The purposeful one-sided rant makes the book lose all credibility, in particular since the arguments can easily be reversed – especially in the wake of Trump’s desperate challenge the US election outcome.
In the US election system, geographic concentration puts democrats at a fundamental disadvantage.
Compelling story telling and enriching perspectives make it hard not to become fascinated by Udham Singh and his quest for revenge.
The hypothetical scenarios are well crafted and unfortunately not as far-fetched as one might hope.
Good diagnosis of current monetary policy, but combined with a disappointingly naive belief in the free market as panacea.
Insightful perspective that highlights how few options political leaders actually have in responding to external threats.
Smart agent-based modelling perspective on global challenges around poverty and sustainability.
The book should be mainly read for the anecdotes on female astronauts and nerdy coast guards.
Next to revolution (in the spirit of Marx), the book claims there are just three other forces strong enough to achieve leveling: mass warfare, epidemics, and system collapse (the last of which is arguably overlaps with the others).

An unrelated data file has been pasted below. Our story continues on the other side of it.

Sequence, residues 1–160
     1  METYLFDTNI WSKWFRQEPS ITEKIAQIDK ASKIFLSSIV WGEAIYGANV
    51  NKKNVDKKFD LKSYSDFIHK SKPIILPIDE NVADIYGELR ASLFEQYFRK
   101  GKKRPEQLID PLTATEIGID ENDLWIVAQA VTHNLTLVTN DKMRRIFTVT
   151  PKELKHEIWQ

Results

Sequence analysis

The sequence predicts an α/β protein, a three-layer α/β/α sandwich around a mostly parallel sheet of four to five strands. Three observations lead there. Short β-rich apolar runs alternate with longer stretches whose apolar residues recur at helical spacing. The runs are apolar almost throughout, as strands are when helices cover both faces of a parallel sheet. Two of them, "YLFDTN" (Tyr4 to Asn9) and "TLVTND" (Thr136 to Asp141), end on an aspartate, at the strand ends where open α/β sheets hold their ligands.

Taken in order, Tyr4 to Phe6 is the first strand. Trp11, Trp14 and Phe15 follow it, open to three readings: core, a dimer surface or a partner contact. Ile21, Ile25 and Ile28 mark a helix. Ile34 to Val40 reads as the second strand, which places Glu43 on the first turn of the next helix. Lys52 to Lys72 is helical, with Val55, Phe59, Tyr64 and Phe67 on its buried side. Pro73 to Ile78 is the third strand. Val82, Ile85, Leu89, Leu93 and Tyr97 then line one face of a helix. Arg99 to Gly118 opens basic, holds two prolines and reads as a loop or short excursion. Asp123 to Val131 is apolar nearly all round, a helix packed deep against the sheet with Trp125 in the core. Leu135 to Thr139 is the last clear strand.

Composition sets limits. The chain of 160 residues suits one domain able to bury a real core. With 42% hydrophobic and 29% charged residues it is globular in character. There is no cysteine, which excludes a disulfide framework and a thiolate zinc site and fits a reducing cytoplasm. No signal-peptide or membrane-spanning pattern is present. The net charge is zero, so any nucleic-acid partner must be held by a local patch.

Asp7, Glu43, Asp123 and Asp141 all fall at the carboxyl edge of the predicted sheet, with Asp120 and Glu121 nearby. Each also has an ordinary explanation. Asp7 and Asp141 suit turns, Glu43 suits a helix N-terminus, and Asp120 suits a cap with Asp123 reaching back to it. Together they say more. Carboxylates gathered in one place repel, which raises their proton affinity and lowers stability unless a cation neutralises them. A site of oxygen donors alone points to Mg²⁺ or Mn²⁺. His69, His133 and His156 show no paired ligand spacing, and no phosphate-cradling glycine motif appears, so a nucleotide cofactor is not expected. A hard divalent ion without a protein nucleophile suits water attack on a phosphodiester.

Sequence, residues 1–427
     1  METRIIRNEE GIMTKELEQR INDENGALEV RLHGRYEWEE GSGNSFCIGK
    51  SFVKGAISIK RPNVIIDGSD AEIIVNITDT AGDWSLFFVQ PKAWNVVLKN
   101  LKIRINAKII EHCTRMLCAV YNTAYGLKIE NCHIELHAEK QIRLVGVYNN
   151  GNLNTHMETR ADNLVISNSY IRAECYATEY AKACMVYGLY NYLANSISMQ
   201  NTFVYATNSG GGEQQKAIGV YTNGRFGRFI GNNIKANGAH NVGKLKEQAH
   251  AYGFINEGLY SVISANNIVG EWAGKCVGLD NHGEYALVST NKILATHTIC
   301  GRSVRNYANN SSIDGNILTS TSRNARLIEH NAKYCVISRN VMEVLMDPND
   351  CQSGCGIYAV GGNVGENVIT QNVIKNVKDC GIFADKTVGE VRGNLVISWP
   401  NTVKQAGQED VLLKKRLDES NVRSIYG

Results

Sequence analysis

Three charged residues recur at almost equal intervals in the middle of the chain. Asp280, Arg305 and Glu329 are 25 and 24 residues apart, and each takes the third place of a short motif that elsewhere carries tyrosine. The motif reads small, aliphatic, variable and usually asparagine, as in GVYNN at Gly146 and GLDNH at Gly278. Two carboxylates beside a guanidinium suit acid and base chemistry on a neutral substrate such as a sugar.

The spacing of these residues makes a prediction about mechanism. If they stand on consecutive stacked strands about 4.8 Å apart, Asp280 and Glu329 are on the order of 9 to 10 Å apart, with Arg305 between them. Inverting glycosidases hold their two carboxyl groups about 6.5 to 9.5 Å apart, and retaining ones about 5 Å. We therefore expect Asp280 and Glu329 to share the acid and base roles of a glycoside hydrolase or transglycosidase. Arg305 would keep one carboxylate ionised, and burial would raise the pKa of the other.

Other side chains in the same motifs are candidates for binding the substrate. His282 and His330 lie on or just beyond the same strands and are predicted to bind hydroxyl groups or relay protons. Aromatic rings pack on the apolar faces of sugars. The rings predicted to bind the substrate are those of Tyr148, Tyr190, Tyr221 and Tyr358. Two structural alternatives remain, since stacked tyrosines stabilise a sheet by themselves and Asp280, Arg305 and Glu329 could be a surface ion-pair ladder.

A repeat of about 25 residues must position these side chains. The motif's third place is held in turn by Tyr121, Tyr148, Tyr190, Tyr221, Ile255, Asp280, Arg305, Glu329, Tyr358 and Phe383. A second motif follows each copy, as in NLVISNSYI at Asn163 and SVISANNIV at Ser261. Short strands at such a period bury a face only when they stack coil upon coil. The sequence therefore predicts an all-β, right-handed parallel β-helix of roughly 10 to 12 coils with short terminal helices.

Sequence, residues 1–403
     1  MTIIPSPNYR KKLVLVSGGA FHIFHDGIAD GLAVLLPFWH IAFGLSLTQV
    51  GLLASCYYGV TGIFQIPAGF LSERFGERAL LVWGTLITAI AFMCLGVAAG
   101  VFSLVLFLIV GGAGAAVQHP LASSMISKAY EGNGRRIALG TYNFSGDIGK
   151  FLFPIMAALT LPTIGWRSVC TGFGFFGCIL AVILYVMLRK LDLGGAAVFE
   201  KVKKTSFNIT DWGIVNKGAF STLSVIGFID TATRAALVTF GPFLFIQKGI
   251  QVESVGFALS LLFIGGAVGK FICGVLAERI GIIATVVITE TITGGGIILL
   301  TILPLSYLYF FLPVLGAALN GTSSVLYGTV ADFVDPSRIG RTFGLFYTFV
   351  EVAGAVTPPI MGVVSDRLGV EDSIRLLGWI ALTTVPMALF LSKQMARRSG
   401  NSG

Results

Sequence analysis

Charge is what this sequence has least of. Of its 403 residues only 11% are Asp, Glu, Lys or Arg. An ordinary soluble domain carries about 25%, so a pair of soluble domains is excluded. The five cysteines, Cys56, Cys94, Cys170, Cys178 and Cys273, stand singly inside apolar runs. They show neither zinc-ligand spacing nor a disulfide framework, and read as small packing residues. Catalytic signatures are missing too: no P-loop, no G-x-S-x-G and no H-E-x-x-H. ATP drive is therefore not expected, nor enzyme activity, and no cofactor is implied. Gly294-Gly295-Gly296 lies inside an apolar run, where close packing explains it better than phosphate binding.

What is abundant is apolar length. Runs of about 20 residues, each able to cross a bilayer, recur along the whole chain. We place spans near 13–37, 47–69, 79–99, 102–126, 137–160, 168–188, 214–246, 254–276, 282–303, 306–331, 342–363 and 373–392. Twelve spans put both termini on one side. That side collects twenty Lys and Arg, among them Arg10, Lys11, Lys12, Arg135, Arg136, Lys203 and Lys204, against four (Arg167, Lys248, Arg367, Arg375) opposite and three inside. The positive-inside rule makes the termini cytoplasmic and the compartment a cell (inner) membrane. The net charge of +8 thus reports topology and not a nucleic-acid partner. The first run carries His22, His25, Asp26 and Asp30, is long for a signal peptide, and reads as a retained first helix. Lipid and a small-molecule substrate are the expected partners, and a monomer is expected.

In choosing the personal perspective of the leader, makes the book prone to the narrative fallacy.
The author weaves the perspective of women, slaves, and other disadvantaged grouped into the narrative of US history, making the work part of a bigger movement.
Extensive justification of why Snowden exposed the scope of surveillance by the NSA (with too many references to patriotic US heros among Snowden’s ancestors).
The book would have been a better read if it had focused on one of its two narratives: the rise of algorithmic trading and the forays of hedge fund executives into US politics.
The author provides a richness of perspectives that guide the reader beyond clichés.
The author’s recommended retun to a local solidarity may address the issue at hand, but will also pose significant threats for ‘diversity and inclusion’.
Elaborate and fascinating analysis of Putin’s Russia, which bears striking parallels to what happens in Western countries, more recently.
the book, written pre-Trump, pre-Brexit and pre-Cambridge Analytics, underemphasizes the risk of large-scale orchestration of fringe groups to undermine nation states; thereby making the author’s call for stronger institutions feels a bit besides the point.
the set-up in which interesting historical facts serve to make a political argument makes the author prone to the narrative fallacy.